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Down an ace and up a few pleasant surprises, let us take a moment then to give thanks for the opportunity this week will present us. Not specifically in anything the team will or will not do, whether getting sweet revenge on Felix Hernandez or acquiring much-needed roster additions, but in what they generally do; in short, we get to see how closely the Sox' walk follows the Sox' talk.
Do they really have the finances to add payroll when it will help the team win?
Do they really value winning enough to boost payroll?
Which is better: an absolute present or a promising future?
Are they really always looking to improve the team?
To answer all of the above in one oversimplified, vaguely flippant summation: "Maybe."
People like to rip on the White Sox for their perceived institutional cheapness, but this is the same team that has pulled off deals for the primetime Freddy Garcia, for Jim Thome, for Jake Peavy, even going so far as to take on the millions still owed Alex Rios just to spite their hilarious inability to develop something so unexceptional as a center fielder. But what they have shown is that they refuse to go after the obvious solutions, the team instead looking to bolster itself through the path of most resistance.
In 2006, Alfonso Soriano would have given the team much a much-needed speed and power threat, but instead they traded for 40-year-old backup catcher Sandy Alomar. In 2008, they needed a legitimate upgrade to their outfield defense, so they traded for a version of Ken Griffey, Jr. a good seven years past its prime. In 2009, they needed a solid middle-of-the-rotation starter, so they went out and landed one of the best pitchers in the National League. And so on, and so forth.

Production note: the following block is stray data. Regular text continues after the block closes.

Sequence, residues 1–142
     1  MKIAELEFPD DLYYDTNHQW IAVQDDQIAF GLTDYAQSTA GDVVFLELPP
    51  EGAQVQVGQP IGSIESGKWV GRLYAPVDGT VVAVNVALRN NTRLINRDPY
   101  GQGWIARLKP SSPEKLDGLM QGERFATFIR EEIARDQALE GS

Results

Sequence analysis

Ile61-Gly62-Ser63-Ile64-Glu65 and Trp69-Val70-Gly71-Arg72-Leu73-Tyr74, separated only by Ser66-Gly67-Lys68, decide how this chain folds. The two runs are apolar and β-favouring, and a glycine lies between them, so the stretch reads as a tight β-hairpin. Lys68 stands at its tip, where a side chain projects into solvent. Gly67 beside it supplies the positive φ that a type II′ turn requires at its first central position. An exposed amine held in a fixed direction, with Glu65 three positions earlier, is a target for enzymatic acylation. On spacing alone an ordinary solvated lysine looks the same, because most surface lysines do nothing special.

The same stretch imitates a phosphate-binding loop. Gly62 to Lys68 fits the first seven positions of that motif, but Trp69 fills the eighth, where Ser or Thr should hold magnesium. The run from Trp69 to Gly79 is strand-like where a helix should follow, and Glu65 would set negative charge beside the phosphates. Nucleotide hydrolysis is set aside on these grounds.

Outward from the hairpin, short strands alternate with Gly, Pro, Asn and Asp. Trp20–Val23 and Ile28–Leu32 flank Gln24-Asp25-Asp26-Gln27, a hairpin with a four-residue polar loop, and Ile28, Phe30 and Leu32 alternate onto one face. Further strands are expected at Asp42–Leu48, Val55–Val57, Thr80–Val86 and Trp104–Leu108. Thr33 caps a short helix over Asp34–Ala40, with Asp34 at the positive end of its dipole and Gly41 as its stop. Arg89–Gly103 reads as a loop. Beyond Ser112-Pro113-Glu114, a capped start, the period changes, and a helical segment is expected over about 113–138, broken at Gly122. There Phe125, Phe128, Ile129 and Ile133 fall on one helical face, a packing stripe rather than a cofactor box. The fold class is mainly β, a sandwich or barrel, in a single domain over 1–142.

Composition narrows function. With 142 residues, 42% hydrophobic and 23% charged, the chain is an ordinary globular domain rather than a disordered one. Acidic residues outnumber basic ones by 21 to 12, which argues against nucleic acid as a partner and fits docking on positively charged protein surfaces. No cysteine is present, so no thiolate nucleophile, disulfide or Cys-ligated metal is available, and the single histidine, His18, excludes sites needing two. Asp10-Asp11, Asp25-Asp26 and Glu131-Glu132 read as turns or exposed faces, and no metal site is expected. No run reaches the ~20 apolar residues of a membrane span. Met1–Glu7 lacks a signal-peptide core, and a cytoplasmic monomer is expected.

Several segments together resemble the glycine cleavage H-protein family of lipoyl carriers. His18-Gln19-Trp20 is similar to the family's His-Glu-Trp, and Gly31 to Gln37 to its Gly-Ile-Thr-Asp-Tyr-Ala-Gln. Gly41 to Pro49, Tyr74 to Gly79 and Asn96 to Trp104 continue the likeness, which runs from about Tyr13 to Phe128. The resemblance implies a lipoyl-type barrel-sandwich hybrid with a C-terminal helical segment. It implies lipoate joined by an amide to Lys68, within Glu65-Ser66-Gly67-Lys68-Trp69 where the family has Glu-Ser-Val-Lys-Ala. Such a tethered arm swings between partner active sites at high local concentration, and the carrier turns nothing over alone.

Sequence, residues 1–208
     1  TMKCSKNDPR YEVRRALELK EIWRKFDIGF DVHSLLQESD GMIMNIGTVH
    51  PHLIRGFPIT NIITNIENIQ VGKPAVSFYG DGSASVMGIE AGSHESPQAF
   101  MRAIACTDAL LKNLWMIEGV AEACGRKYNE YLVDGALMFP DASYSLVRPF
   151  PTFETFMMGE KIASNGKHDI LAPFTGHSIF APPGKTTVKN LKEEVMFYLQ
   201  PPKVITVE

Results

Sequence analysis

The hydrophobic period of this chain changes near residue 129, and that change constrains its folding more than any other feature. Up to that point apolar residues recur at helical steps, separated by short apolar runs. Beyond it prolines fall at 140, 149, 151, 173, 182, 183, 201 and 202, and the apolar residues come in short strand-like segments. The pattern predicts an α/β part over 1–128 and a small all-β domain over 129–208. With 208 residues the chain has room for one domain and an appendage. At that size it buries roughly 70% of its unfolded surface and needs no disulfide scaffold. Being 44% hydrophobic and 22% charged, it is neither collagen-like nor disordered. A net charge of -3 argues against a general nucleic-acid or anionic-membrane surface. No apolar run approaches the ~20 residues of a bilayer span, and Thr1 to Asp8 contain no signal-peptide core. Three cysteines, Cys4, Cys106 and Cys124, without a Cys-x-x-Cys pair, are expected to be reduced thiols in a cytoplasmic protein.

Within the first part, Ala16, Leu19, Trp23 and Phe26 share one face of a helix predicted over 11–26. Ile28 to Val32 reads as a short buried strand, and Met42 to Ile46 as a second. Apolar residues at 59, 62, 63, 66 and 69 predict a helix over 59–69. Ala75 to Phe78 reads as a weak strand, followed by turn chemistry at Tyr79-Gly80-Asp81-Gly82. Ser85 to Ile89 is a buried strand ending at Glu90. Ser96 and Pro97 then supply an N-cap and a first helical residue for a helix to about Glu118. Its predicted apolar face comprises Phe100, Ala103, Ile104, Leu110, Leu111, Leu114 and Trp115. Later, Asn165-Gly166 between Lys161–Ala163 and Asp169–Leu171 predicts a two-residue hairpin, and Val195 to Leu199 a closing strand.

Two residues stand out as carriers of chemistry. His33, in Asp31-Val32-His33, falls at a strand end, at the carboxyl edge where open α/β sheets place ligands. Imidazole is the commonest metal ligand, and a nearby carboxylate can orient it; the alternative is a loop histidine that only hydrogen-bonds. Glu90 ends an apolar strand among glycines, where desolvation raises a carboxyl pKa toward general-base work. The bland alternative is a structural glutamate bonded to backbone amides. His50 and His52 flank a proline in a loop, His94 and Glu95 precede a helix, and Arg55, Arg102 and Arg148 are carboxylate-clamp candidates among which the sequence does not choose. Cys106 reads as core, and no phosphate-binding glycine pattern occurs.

So now, as the Sox struggle to recapture the magic that fueled last month, their staff crippled, bullpen dissolving and bats still generally helpless from the left side, it's easy to say an Adam Dunn, Prince Fielder, Matt Capps or
Dan Haren would go a long way to stabilize some core element of the team, but smart money says they're not going to go that route. Which is not to say they won't land someone major, just that we should probably brace ourselves for someone to arrive from someplace even beyond left field.
Instead of Prince Fielder, maybe Manny Ramirez. Instead of Matt Capps, maybe Ervin Santana. Instead of Adam Dunn, maybe Albert Pujols. Not that any of those moves are any more likely, logical, or crucial than any others, but if we as fans and speculators are going to run headfirst blindly and stupidly into the future, we might as well go all the way. And, with some savvy maneuvers and a little luck, so too might the Sox.
Week in Review: Peaty. Take two of three from the Mariners but drop two of three to the A's for a .500 week.
Week in Preview: Re-peaty. Last week's road trip comes to Chicago as the Sox host the Mariners for four and the A's for three.